Food Fights

A division has opened up between my man and me, even after all these years of marriage: It seems what he really craves is pasta, something I have never heard him say once in all the years since we first met in the days when Old Tricky-Dick Nixon was still flashing his hunch-shouldered victory sign to a puzzled nation.

This  son of an old Yankee mother apparently adores the stuff. News to me!

 I myself meanwhile would  be fine if I never saw a squiggle of pasta again. What I like is a potato, which, it further seems, he doesn’t even regard as food and would no more pull from the fridge to cook and eat than he would reach for that little yellow box of baking soda that’s supposed to keep the butter from smelling like onions.

All these years into the marriage and I’m just hearing all this. Plus there’s more: it doesn’t end with the starches: 

I no longer cook a whole lot of your red meats like beef and lamb, or even your pink ones like pork, but when I do prepare these meats I roast them. I figured what man doesn’t like a big thud of meat on the platter?

But I figured wrong, because last week I bought this nice pork tenderloin. I rubbed it with a freshly quartered onion and sea salt, then roasted it at what I regarded as the perfect temperature so that when it was done the outside had that lovely caramel color and the inside was still juicy.

And what did the man say on seeing the leftover portion in the fridge the next night? “Well that tasted kind of blah. You need to do something else with these meats that you roast.”

Can you imagine? Then he added insult to injury by telling me it’s because my ancestry is Irish and all the Irish know how to do is boil a piece of meat until it turns as grey as the fog over London. Fooey. He’s just not over the fact that my mother and aunt cooked a roast every single time we went there for a meal but it wasn’t GREY for heaven’s sake. It was kind of PINKY-grey, but with the frozen squash and frozen peas they always served with it, I sure thought the plate was sufficiently colorful.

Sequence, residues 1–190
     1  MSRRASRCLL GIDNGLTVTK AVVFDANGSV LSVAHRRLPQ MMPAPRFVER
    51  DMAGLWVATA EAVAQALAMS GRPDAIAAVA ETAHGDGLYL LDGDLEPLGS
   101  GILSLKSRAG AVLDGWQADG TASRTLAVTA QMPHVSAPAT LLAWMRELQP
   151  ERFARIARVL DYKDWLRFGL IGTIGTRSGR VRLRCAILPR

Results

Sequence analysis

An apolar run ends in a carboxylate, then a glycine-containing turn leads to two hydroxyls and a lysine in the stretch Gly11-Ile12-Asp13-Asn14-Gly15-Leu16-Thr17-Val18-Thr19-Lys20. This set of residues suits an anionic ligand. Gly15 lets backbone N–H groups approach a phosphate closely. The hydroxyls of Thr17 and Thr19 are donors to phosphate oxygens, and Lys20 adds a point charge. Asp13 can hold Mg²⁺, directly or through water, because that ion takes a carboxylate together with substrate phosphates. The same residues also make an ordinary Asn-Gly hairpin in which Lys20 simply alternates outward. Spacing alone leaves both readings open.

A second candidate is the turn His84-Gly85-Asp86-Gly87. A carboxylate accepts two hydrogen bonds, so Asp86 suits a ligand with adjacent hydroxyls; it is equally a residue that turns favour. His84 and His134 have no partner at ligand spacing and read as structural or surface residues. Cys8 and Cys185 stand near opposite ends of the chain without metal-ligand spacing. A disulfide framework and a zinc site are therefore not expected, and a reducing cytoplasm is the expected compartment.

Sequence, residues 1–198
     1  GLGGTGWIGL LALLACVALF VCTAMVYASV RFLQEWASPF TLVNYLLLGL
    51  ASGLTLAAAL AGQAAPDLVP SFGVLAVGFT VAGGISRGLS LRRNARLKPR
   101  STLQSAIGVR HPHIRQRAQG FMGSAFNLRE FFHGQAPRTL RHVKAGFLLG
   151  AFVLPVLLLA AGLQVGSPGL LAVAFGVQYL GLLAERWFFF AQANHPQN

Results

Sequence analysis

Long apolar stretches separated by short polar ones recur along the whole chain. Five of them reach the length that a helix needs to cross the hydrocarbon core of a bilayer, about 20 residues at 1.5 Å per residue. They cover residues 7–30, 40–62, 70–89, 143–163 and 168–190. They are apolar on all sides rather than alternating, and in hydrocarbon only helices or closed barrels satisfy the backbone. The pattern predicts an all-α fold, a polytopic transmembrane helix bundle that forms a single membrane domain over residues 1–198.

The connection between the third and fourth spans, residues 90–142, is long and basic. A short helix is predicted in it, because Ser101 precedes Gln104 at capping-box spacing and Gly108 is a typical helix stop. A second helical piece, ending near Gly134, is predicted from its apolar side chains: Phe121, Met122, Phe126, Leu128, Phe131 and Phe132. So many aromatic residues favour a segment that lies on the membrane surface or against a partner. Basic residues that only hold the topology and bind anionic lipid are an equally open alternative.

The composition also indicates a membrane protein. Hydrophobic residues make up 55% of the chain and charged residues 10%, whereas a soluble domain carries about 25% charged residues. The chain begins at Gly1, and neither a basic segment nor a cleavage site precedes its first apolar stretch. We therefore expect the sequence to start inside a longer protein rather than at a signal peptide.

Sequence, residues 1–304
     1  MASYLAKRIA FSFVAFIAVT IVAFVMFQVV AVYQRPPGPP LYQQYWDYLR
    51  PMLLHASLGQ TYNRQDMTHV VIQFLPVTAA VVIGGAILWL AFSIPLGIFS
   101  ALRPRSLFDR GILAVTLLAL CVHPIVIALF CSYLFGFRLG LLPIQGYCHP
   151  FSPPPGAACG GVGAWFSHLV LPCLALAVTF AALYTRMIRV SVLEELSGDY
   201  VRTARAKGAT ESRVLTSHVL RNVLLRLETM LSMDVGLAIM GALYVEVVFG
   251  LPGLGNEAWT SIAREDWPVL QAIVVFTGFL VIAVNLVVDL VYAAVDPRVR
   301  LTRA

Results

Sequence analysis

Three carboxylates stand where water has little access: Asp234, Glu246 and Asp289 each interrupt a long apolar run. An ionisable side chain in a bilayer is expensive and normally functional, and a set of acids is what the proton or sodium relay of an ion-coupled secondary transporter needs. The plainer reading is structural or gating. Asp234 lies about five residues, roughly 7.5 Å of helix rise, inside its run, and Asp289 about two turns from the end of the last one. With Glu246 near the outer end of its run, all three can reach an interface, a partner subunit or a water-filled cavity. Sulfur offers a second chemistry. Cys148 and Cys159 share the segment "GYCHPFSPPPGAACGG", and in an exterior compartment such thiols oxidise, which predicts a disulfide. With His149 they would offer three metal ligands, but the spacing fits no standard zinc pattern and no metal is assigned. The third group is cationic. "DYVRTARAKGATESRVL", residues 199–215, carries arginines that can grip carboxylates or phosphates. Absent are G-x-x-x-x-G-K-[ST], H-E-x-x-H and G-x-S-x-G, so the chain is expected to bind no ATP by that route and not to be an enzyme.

Almost 25 years my mom has been gone and still he won’t eat either squash or peas. His idea of the five food groups?  Pasta, tomato sauce, cheese any  kind of cold cuts, even the kind that’s shot through with disks of solid fat and a  giant bags of salty snacks. taken as a chaser. That’s what he would eat if left to his devices.

By contrast, my diet consists of fruits and vegetables, peppered with an occasional two-ounce rib chop of lamb; enough salad greens to stuff a sofa with; and so much broiled salmon it’s a wonder my hair isn’t pink.

Thus our common food ground is slipping out from under us.

Oh  and here’s the real kicker: I’m the one with the high cholesterol.

“You’ll be burying me!” he always says. “Men die first.”

“I sure hope not,” I say back.  “But if I’m the one to go first, just dig a hole and bury me in salad. (Dressing on the side, same as always.”)




2 thoughts on “Food Fights

  1. Every Sunday in my parents’ home we had roast beef, lamb or pork. Potatoes and gravy went along with that, ,plus a veggie. Then dessert was pie or cake. Oy, oy! Now I eat quite differently, Meat maybe once a week for protein, Always fish and lots of vegetables, fruit and yogurt. I love pasta with tomato sauce, spinach, and a bit of red wine. My parents occasionally went on the Welch grape juice diet which was promoted by Irene Dunn.. They were not fat like folks are today, but the foods they consumed did not do them any good. Neither did the cigarettes! My lifestyle is so different – I am incredibly healthy and I weigh 90 pounds. Don’t ask my height, which has been going south for quite a while!

  2. It’s good to throw off all that stuff in the hold of your ship I think! My mouth is watering at this rundown of the foods you eat now. I think back to those old family meals and see very clearly why my whole crowd died of heart attacks and strokes. 😦

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